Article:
Slide 7 – Be Remarkable

What does it mean to “be remarkable?” It means you must do something that others will ‘remark’ about. If your customers don’t remember you for doing something above and beyond the call of duty, they’ll forget you. Be remarkable!


Slide 8 – Elevator Pitch

I’ve won business because my elevator pitch was better than three of my competitors. Following this format, and practicing relentlessly, will help you stand out even if competitors are sitting right next to you. For [customers] that have [problem x] we [what we do].


Slide 9 – Elevator Pitch Continued

This video explains the elevator pitch as well as any I’ve seen. Don’t just watch it, DO IT.


Slide 10 – Business Cards

I try really hard to make my business cards stand out among the crowd. About 75% of the time I give out a card someone comments on how cool/creative they are. It’s not hard to spend a little time on your business cards. Don’t print them cheaply with the VistaPrint logo on the back. Pay the extra money to get them printed on high-quality paper so they stand out. I call my business card “my $200,000 business card” because I recently won a $200K project after handing it to a stranger. The man I gave it to raved about it. He could tell we pay attention to detail, so he wanted us to do his project.


Slide 11 – Trade Shows

Trade shows are excellent tools for creating business opportunities. As an exhibitor, I suggest you “hijack the marketing.” Do something that the masses will not be able to ignore or that the masses will all remark about to their friends and fellow attendees. The examples I shared were:

  • Dinner Cruise: We took 60 potential clients on a no-pressure dinner cruise to give them an experience they’d never forget and tell everyone about. Worked like a charm.
  • Skit: Instead of a boring slideshow presentation, we acted out a silly skit. We didn’t look like the most professional group in the world, but that’s not what we were going for. We wanted to stand out, and we did. All the other presentations were forgettable; ours was remarkable.
  • T-Shirts Everywhere: When the industry’s biggest conference (CAMEX) was in SLC, we knew we needed to leave a lasting impression. We had over 100 of our employees strolling the floors of the exhibit hall with bright green shirts on and the message “Customer Service Allstar” written on the front.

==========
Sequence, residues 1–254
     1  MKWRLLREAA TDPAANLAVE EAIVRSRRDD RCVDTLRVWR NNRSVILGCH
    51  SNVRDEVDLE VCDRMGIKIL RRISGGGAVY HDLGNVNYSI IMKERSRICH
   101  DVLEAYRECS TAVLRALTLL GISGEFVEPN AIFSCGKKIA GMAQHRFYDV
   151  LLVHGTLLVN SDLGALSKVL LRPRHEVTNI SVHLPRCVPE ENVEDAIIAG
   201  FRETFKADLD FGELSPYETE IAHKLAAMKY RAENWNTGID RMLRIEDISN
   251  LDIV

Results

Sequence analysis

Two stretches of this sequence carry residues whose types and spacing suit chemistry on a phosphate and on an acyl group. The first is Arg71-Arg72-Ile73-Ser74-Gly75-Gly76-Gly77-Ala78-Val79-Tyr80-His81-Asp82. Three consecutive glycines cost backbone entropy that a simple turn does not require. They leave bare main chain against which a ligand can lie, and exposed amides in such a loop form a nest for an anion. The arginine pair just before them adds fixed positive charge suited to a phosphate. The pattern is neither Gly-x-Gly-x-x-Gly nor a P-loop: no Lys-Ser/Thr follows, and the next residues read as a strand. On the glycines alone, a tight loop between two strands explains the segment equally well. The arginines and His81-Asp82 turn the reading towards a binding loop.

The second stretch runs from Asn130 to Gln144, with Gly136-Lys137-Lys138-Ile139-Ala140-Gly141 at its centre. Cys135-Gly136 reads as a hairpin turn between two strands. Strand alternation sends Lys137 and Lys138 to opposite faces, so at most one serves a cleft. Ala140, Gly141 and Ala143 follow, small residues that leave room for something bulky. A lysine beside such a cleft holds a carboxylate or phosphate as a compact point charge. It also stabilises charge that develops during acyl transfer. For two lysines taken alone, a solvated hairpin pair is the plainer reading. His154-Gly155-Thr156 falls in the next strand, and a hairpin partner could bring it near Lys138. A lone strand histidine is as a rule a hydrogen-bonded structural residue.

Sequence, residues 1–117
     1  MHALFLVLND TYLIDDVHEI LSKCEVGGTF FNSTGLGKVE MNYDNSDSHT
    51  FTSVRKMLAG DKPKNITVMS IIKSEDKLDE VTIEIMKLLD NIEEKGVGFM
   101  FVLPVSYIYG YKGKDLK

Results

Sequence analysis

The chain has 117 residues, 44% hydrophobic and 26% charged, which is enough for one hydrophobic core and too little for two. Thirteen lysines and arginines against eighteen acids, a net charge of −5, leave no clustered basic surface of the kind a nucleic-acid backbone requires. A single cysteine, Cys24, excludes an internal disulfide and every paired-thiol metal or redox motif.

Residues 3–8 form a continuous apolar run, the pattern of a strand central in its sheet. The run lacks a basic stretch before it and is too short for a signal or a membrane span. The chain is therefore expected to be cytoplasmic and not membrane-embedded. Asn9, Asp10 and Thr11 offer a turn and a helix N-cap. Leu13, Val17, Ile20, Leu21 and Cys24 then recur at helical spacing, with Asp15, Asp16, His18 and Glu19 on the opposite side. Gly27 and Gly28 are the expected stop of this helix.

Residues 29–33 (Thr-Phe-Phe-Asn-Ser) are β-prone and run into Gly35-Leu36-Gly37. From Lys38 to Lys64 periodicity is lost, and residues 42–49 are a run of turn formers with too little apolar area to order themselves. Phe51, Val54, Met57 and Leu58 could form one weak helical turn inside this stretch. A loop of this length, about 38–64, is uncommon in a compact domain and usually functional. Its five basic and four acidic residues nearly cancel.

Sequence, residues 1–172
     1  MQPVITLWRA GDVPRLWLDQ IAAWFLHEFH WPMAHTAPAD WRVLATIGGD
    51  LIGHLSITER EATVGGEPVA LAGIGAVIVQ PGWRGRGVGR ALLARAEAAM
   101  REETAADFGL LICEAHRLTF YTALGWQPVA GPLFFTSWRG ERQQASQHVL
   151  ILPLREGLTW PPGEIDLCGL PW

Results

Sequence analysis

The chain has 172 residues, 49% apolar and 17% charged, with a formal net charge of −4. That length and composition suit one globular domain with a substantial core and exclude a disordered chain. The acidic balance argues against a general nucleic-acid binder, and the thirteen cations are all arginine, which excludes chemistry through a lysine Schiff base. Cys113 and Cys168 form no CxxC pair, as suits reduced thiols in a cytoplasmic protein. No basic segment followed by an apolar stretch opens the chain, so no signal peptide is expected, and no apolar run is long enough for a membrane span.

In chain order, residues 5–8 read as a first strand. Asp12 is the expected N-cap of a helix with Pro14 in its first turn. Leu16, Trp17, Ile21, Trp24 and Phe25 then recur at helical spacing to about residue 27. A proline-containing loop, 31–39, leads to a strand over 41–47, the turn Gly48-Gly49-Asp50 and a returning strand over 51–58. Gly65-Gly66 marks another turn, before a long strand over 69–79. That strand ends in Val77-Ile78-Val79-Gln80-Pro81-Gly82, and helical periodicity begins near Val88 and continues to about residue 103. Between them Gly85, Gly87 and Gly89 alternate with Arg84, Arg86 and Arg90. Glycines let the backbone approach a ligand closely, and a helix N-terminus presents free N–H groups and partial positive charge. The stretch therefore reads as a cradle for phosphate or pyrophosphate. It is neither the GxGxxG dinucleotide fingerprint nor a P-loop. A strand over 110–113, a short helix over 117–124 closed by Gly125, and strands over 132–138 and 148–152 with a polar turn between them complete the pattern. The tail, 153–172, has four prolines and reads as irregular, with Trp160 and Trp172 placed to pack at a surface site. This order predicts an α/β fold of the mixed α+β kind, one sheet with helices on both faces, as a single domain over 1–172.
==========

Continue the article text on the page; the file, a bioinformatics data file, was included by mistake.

• Tumblers: At CAMEX we gave away bright green tumbles to every attendee at the exhibit. On top of that, we offered free coffee for the entire show. People EVERYWHERE were slowly sipping on their coffee for over 20-30 minutes with our logo staring everyone they talked to straight in the face. It was beautiful!
  • Rodizio’s: We wanted to leave another impression on the attendees at CAMEX, so we rented huge stretch limos to take people to and from Rodizio’s grill for free food and drinks, on us. We were literally the talk of the town. Many attendees had never ridden in a limousine before and thanked us profusely. They all told their friends. It was magical.

One other strategy I want to test is to attend various trade shows, speaking with every exhibitor about what they do. I did this at a show in Dallas and saw huge success. I need to test the theory more. Inevitably, the exhibitors would ask what I did, and that was my segue to sharing something about Mindfire.


Slide 12 – Channel Partners

Channel partners can be an excellent source of sales leads. Channel partners will feed you deals over and over simply because you help them look good. Finding channel partners can be difficult, but once you break in, you have to really mess up to lose the business.


Slide 13 – Outside Sales

Outside sales are sales activities that take place OUTSIDE the office.